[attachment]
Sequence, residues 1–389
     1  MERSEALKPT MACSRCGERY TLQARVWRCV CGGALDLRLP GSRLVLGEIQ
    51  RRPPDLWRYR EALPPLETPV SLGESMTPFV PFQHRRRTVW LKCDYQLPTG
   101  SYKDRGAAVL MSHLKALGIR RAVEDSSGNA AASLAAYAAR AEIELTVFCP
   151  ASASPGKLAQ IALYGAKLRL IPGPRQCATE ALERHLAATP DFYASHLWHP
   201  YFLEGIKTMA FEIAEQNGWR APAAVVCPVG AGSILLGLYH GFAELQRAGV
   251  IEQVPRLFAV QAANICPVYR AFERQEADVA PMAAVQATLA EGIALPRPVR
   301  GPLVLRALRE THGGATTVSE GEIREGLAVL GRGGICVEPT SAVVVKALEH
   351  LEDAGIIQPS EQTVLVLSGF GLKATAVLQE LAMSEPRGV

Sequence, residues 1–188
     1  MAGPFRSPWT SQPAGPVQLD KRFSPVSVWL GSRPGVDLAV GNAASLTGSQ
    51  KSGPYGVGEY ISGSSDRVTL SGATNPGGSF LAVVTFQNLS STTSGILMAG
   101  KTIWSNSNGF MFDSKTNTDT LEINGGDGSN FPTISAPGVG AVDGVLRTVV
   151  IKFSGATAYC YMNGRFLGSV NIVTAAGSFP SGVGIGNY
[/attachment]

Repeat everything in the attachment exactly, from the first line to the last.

Sequence, residues 1–389
     1  MERSEALKPT MACSRCGERY TLQARVWRCV CGGALDLRLP GSRLVLGEIQ
    51  RRPPDLWRYR EALPPLETPV SLGESMTPFV PFQHRRRTVW LKCDYQLPTG
   101  SYKDRGAAVL MSHLKALGIR RAVEDSSGNA AASLAAYAAR AEIELTVFCP
   151  ASASPGKLAQ IALYGAKLRL IPGPRQCATE ALERHLAATP DFYASHLWHP
   201  YFLEGIKTMA FEIAEQNGWR APAAVVCPVG AGSILLGLYH GFAELQRAGV
   251  IEQVPRLFAV QAANICPVYR AFERQEADVA PMAAVQATLA EGIALPRPVR
   301  GPLVLRALRE THGGATTVSE GEIREGLAVL GRGGICVEPT SAVVVKALEH
   351  LEDAGIIQPS EQTVLVLSGF GLKATAVLQE LAMSEPRGV

Sequence, residues 1–188
     1  MAGPFRSPWT SQPAGPVQLD KRFSPVSVWL GSRPGVDLAV GNAASLTGSQ
    51  KSGPYGVGEY ISGSSDRVTL SGATNPGGSF LAVVTFQNLS STTSGILMAG
   101  KTIWSNSNGF MFDSKTNTDT LEINGGDGSN FPTISAPGVG AVDGVLRTVV
   151  IKFSGATAYC YMNGRFLGSV NIVTAAGSFP SGVGIGNY